x86 frame pointer and __builtin_setjmp/__builtin_longjmp

Hi,

I’m trying to understand how __builtin_setjmp/longjmp are supposed to interact with the frame pointer on x86_64. In particular, what is the expected behavior when the compiler chooses not to use rsp or rbp to address local variables?

When built with Clang, the following program will segfault, but it is fine when built with GCC. The target is x86_64 linux.

int main(int argc, char *argv[]) {

void *buf[20];

attribute((aligned(64))) char q; // realign the stack

char *p = __builtin_alloca(argc); // dynamic alloca

if (__builtin_setjmp(buf)) {

*p = ‘p’;

q = ‘q’;

return 0;

}

asm(“movq $0, %rbx”);

__builtin_longjmp(buf, 1);

}

LLVM is choosing to use rbx as a base pointer to access p and q, but during builtin_setjmp, rbx is not saved; when the longjmp is executed rbx may have a garbage value. GCC on the other hand, is using rbp, which is saved in the jump buffer. Is this a bug in LLVM, or am I using __builtin_setjmp/longjmp incorrectly?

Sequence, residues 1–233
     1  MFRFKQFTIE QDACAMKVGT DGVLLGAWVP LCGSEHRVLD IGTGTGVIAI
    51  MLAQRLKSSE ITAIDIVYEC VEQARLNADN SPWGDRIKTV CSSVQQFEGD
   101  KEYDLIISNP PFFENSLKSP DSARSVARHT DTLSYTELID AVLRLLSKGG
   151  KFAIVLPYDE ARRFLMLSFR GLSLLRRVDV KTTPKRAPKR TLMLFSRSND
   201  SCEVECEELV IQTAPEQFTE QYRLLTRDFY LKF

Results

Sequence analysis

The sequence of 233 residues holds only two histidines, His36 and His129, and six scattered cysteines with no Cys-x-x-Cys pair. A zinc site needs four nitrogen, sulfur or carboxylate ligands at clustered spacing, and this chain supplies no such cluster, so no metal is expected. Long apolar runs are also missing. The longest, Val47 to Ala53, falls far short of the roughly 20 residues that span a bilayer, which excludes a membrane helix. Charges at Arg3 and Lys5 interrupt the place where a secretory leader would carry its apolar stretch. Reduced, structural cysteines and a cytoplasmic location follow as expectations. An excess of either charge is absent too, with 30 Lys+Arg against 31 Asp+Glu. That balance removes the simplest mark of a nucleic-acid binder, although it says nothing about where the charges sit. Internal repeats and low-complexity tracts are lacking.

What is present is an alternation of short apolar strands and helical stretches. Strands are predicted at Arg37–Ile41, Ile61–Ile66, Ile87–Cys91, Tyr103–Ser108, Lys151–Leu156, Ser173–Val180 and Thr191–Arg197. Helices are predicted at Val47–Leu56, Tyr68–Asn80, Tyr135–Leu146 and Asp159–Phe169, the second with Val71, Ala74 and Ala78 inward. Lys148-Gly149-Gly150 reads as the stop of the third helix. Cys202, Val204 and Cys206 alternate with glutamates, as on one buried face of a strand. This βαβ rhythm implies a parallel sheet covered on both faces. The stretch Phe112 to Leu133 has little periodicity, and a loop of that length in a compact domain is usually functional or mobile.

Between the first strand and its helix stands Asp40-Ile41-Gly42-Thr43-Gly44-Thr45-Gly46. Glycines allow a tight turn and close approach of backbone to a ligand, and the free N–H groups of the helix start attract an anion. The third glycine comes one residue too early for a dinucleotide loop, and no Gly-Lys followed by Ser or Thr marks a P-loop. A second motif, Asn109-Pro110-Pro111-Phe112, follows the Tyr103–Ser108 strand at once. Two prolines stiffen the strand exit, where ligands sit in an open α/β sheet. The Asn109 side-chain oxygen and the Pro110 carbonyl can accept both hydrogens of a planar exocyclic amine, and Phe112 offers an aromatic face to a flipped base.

Note: I’m explicitly clobbering rbx, but the compiler can clobber it on its own if __builtin_longjmp is called from another function.

Ben

Hi,

I’m trying to understand how __builtin_setjmp/longjmp are supposed to
interact with the frame pointer on x86_64. In particular, what is
the expected behavior when the compiler chooses not to use rsp or
rbp to address local variables?

When built with Clang, the following program will segfault, but it is
fine when built with GCC. The target is x86_64 linux.

int main(int argc, char *argv[]) {

void *buf[20];

__attribute__((__aligned__(64))) char q; // realign the stack

char *p = __builtin_alloca(argc); // dynamic alloca

if (__builtin_setjmp(buf)) {

*p = 'p';

q = 'q';

return 0;

}

asm("movq $0, %rbx");

__builtin_longjmp(buf, 1);

}

LLVM is choosing to use rbx as a base pointer to access p and q, but
during builtin_setjmp, rbx is not saved; when the longjmp is
executed rbx may have a garbage value. GCC on the other hand, is
using rbp, which is saved in the jump buffer. Is this a bug in LLVM,
or am I using __builtin_setjmp/longjmp incorrectly?

IMHO, this is an LLVM bug. The SjLj lowing code should save and restore the base pointer (unless stack realignment is disabled, etc.) whenever the base pointer might be in use.

This also highlights the odd design of this feature, which splits the implementation between Clang and the target lowering code. Specifically, I mean that Clang generates intrinsics to save the frame pointer, etc. into the buffer, and this is part of the protocol that the lowering code needs to understand. Can anyone explain the rationale for this split-responsibility design?

-Hal